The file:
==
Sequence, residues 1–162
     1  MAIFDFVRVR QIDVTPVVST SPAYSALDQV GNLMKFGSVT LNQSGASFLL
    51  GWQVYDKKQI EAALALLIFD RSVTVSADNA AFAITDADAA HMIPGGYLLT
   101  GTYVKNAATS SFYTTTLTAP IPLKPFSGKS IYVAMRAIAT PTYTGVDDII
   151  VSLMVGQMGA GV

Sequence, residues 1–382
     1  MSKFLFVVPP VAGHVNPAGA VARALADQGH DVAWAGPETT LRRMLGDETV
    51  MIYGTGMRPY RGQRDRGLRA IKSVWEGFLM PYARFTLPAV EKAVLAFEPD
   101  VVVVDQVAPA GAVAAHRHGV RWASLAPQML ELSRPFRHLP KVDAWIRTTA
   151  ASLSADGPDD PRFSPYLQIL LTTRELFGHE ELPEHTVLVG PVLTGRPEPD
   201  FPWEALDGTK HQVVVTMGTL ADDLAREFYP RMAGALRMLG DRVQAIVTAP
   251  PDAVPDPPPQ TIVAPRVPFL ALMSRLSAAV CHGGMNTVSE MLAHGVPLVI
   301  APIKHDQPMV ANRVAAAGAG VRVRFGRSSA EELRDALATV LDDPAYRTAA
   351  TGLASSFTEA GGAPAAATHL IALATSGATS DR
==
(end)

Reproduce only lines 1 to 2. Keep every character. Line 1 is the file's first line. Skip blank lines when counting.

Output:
Sequence, residues 1–162
     1  MAIFDFVRVR QIDVTPVVST SPAYSALDQV GNLMKFGSVT LNQSGASFLL